AbstractHeterodiegetic narrators are not present in the story they tell. That is how Gérard Genette has defined heterodiegesis. But this definition of heterodiegesis leaves open what ›absence‹ of the narrator really means: If a friend of the protagonist tells the story but does not appear in it, is he therefore heterodiegetic? Or if a narrator tells something that happened before his lifetime, is he therefore heterodiegetic? These open questions reveal the vagueness of Genette’s definition. However, Simone Elisabeth Lang has recently made a clearer proposal to define heterodiegesis. She argues that narrators should be called heterodiegetic only if they are fundamentally distinguished from the ontological status of the fictional characters: Heterodiegetic narrators are not part of the story for logical reasons, because they are presented as inventors of the story. This is, for example, the case in Johann Wolfgang Goethe’s novel Elective Affinities (1809): In the beginning of this novel the narrator presents himself as inventor of the character’s names (»Edward – so we shall call a wealthy nobleman in the prime of life – had been spending several hours of a fine April morning in his nursery-garden«).Based on that recent definition of heterodiegesis my article deals with the question whether such heterodiegetic narrators can be unreliable. My question is: How could you indicate that the inventor of a fictitious story tells something which is not correct or incomplete? In answering this question, I refer to some proposals of Janina Jacke’s article in this journal. Jacke shows that the distinction between homodiegetic and heterodiegetic narrators should not be confused with the distinction between personal and non-personal narrators or with the distinction between restricted and all-knowing narrators. If you make such differentiations, then of course heterodiegetic narrators can be unreliable: They can omit some essential information or interpret the story inappropriately. Heterodiegetic narrators of an invented story can even lie to the reader or deceive themselves about some elements of the invention. That means: A heterodiegetic narration cannot only be value-related unreliable (›discordant narration‹), but also fact-related unreliable.My article delves especially into this type of unreliability and shows that heterodiegetic narrators of a fictitious story can be fact-related unreliable, if they tell something which was not invented by themselves. In that case, the narrator himself sometimes does not really know whether he tells a true or a fictitious story. Such narrators are unreliable if they assert that the story is true, although they are suggesting at the same time that it is not. I call this type of unreliable narrator a ›fabulating chronicler‹ (›fabulierender Chronist‹): On the one hand, such narrators present themselves as chroniclers of historical facts but, on the other hand, they seem to be fabulists who tell a fairy tale. This type of unreliability occurs especially if a narrator tells a legend or a story from the Bible. My article demonstrates this case in detail with two examples, namely two novels by Thomas Mann: The Holy Sinner (1951) and Joseph and His Brothers (1933–1943).My article also discusses some cases where it is not appropriate or counter-intuitive to call a heterodiegetic narrator ›unreliable‹: i. e. the narrator of Thomas Mann’s novel The Magic Mountain (1924) and the narrator of Johann Wolfgang Goethe’s novel Wilhelm Meister’s Apprenticeship (1795/1796). On the one hand, these narrators show some characteristics of unreliability, because they omit essential pieces of information. On the other hand, these narrators are barely shaped as characters, they are nearly non-personal. However, in order to describe a narrator as unreliable, it is – in my opinion – indispensable to refer to some traces of a narrative personality: Figural traits of a narrator provoke the reader to identify all depicting, describing and commenting sentences of a narration as utterances of one and the same ›psychic system‹ (Niklas Luhmann). Only narrators who can be interpreted as such a ›psychic system‹, provoke the reader to assume the role of an analyst or ›detective‹, who perhaps identifies the narrator’s discordance or unreliability.In my article the unreliability of a narration is understood as part of the composition and meaning of a literary work. I argue that a narrator cannot be described as unreliable without designating a semantic motivation for this composition by an act of interpretation. Therefore, my suggestion is that a narration should be merely called unreliable if it encourages the reader not only to imagine the told story, but also to imagine a discordant or unreliable storyteller.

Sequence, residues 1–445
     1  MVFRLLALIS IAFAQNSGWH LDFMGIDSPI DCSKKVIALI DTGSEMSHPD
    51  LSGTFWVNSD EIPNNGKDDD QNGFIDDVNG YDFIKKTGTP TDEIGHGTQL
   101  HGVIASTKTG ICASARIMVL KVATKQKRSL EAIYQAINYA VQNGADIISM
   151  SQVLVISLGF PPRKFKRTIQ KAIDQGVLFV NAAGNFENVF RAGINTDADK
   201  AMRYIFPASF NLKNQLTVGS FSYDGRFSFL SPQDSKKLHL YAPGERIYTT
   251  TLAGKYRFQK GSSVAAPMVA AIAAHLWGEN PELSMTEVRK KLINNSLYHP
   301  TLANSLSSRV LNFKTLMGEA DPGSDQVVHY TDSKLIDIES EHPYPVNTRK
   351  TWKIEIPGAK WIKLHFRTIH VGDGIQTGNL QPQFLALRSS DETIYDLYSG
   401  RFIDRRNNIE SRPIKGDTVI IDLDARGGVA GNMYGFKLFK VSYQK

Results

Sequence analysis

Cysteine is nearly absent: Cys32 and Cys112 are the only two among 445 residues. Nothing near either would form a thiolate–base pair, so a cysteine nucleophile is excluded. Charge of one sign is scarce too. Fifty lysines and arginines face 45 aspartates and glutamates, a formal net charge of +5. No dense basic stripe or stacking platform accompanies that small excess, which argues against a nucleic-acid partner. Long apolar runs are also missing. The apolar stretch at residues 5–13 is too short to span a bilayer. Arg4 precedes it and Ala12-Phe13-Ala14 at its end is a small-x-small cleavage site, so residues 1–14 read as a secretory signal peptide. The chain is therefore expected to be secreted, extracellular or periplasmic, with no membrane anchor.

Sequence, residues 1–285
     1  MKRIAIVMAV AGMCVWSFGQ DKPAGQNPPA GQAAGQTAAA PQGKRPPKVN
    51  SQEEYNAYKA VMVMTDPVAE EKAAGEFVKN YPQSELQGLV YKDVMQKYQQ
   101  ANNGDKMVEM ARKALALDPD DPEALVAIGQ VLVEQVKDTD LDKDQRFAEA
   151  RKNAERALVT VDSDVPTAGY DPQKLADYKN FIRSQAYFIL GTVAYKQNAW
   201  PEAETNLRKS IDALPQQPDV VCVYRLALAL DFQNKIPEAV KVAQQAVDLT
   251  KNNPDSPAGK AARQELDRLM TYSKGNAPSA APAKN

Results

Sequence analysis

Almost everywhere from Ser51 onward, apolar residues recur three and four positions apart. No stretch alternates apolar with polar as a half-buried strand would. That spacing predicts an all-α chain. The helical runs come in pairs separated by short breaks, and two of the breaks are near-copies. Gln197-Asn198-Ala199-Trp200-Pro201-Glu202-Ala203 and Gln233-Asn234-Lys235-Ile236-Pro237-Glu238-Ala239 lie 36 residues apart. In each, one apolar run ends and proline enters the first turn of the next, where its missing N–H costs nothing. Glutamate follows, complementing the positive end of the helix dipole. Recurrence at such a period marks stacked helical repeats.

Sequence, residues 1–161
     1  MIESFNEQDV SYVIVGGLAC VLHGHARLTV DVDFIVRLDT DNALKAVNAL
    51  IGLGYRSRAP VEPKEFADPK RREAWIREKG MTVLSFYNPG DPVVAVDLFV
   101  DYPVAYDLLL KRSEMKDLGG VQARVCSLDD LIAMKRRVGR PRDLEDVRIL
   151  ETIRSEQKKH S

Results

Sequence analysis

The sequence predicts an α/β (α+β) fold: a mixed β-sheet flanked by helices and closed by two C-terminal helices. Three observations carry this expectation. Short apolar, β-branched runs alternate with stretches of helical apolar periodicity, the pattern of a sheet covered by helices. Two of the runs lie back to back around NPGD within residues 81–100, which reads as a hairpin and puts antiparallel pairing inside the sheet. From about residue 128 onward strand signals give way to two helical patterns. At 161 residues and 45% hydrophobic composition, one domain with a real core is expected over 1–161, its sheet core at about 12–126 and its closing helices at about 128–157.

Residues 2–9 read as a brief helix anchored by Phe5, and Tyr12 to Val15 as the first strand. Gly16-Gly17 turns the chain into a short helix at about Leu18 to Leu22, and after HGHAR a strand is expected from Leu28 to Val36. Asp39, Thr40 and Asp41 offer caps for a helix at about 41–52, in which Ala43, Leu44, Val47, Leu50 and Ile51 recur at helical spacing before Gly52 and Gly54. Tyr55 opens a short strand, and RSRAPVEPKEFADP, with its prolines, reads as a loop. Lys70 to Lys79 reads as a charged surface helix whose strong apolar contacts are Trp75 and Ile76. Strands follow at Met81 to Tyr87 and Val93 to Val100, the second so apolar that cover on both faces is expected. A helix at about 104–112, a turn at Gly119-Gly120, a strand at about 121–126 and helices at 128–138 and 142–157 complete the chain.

Journal of Literary Theory – de Gruyter
Published: Mar 26, 2018
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